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Why Are Airline Ancillary Charges Increasingly Common? What Business Travelers Should Know

January 18th, 2017 /

 

airline ancillary charges

I really hate feeling nickeled and dimed by airlines. A ticket might once have included your seat, a bag or two, your boarding order, and a meal—but those days are never coming back. Sometimes I expect to be charged just for breathing. What’s to blame? An airline business model that’s become heavily dependent upon ancillary charges.

If you travel frequently, you’re probably familiar with hidden fees for everything from bags to legroom, but you might not realize just how predominate they’ve become. So today we’re taking a look at exactly how the back end of airline revenue works, why a la carte service is unlikely to disappear anytime soon—and what you can do to play the game better.

airline ancillary charges are on the rise

Airlines are making more money each year from “little extras” than we might realize. Image by Flickr user Bernal Saborio (CC BY 2.0)

The Airline Industry Trends Toward Higher Ancillary Charges Every Year

The industry-wide trend has been to increase ancillary revenue by all means possible—in all airlines but one. Southwest has developed a business model (and incredibly popular marketing campaign) around their lack of “extra fees.” Claiming that “bags fly free” means that Southwest’s ancillary revenue per passenger runs only about $4.

Compared to this, it’s startling how much other airlines are earning. According to the same research, Spirit is projected to make more than $50 in ancillary revenue per passenger in 2016—a way to offset their incredibly low fares. Among the other “Big Four” airlines, a range of $15-20 per passenger is average. Delta comes in highest at roughly $22 in “miscellaneous fees” per passenger, words no traveler wants to hear.

And the numbers seem worse, somehow, when you look at how ancillary revenue contributes toward total industry profits. In the early 2000s, these charges only made up about 3% of total revenue. Today, at the end of 2016, that number has increased to roughly 12% for US carriers.

southwest offers the lowest airline ancillary charges of the big four

Co-branded credit cards and frequent flyer miles actually turn a huge ancillary profit. Image by Flickr user Ed Ivanushkin (CC BY-SA 2.0)

How Ancillary Charges Relate to Frequent Flyer Miles

What’s driving the shift? The “reward miles” system is at least partly to blame—and I know it seems counterintuitive. How could a program that gives away free flights and upgrades actually provide additional revenue?

It works like this: airlines sell frequent flyer miles at a certain value to credit card partners, to hotels, and elsewhere, using set rates that differ per airline. But this conversion rate can be as high or as low as the airline wants, which means, in essence, that they control their own currency inflation. And at the end of the year, when most of these rewards points are not actually redeemed, the airline comes out ahead.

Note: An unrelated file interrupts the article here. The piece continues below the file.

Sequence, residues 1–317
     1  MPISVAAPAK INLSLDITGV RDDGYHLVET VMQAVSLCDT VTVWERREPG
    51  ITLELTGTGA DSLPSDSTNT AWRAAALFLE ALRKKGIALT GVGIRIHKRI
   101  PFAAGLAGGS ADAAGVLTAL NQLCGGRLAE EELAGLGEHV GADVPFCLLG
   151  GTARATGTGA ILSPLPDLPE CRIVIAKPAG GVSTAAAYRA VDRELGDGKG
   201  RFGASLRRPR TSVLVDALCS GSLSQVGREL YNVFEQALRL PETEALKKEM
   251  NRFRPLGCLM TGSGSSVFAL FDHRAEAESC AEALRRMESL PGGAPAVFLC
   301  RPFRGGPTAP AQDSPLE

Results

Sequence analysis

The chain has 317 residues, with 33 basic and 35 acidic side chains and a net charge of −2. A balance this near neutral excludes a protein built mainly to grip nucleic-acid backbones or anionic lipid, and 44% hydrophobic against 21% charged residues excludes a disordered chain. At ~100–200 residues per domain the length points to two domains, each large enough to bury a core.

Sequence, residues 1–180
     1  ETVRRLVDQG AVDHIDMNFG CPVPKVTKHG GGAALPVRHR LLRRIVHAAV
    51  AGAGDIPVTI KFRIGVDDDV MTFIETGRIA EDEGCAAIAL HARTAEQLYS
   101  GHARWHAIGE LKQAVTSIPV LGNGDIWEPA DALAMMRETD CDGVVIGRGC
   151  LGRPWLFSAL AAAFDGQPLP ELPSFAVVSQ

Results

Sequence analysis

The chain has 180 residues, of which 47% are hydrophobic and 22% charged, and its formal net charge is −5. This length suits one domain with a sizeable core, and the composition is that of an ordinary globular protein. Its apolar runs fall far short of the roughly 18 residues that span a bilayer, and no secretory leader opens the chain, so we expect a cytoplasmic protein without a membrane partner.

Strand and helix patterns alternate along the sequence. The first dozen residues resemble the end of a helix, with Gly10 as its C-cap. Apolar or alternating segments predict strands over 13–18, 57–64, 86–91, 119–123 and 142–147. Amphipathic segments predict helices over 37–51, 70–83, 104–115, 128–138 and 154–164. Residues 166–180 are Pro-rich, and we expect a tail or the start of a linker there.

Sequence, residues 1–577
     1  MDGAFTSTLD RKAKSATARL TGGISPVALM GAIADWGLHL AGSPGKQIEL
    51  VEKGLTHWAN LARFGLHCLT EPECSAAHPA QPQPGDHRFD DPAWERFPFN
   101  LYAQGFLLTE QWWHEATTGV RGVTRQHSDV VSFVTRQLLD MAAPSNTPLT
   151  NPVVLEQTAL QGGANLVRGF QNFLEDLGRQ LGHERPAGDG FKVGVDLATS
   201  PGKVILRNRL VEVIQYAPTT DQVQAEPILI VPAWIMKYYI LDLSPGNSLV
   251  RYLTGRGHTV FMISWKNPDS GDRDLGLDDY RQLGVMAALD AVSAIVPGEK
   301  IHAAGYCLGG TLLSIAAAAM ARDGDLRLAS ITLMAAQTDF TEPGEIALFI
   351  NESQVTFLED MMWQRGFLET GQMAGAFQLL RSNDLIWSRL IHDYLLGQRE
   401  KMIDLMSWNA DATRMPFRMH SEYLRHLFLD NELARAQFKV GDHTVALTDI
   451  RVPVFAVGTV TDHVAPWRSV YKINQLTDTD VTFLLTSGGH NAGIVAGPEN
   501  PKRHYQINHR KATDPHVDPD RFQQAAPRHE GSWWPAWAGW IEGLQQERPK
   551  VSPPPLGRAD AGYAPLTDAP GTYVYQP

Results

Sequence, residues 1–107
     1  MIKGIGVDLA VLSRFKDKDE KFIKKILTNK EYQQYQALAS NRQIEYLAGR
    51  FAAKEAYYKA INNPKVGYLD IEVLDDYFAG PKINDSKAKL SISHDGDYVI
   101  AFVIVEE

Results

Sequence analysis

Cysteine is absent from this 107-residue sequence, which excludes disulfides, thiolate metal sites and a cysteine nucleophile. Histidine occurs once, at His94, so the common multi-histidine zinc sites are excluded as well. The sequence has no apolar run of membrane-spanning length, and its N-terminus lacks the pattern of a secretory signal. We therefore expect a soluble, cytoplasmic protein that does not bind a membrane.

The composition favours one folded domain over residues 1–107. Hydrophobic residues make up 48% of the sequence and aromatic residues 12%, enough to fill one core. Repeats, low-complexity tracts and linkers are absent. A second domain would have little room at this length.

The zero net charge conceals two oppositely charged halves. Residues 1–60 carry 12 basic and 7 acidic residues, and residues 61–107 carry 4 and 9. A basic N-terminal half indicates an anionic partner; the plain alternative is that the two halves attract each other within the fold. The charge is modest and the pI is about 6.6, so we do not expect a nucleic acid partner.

According to one 2016 report, United made more ancillary revenue than any other airline this past year. More than half came from their MileagePlus rewards program and their co-branded credit card.

why are ancillary charges so high? airline profit

If you fly with United, you’re contributing to the highest ancillary revenue in the country. Image by Flickr user Bernal Saborio (CC BY-SA 2.0)

The Benefits and Risks of an a la Carte Business Model

The studies above noted that, in general, average consumers don’t object to paying more on-site because they care most about a low base fare. In essence, they’re being fooled into thinking they’re getting a better deal. The issue for business travelers is that we spend too much time in airports to be misled by this tactic.

But while I would much prefer bundled rates, the airlines’ clear aim is to make the flight experience as inexpensive as possible on the surface. This will (theoretically) entice more leisure travelers to take the plunge and buy a ticket for the first time. Business travel is already set to increase in 2017, which means that our segment of the customer base is locked in. There’s little profit to be made right now in catering to our needs.

Can You Avoid Ancillary Charges?

Ancillary charges aren’t all bad—unbundled fares do allow those on shoestring budgets to purchase tickets without any additional frills. But business travelers looking to improve their flight experience are likely to find that, as the years pass, they’re paying more for the comfort, convenience, and amenities they’ve grown to depend on.

Now is the time to start perfecting your credit card rewards strategy so that your own bonus miles, at least, aren’t contributing to the pool of unredeemed points that make up such a large portion of airline profits. This is also a good time to finally become an airline rewards member, if you haven’t already, so that you can hold onto amenities like seat upgrades regardless of how fee structures change. In short, loyalty and a little strategizing seem like the best workaround.

If you’re paying more for airfare, you might also want to save money on other expenditures, like your hotel room. And contrary to what the airline industry might suggest, that doesn’t mean you have to lower your standards. A membership with JetLux gives you access to corporate rates at luxury hotels throughout the US, and instead of extra fees, you can get perks like free WiFi or room upgrades. It might not make your flight easier, but you’ll have something to look forward to when you land.

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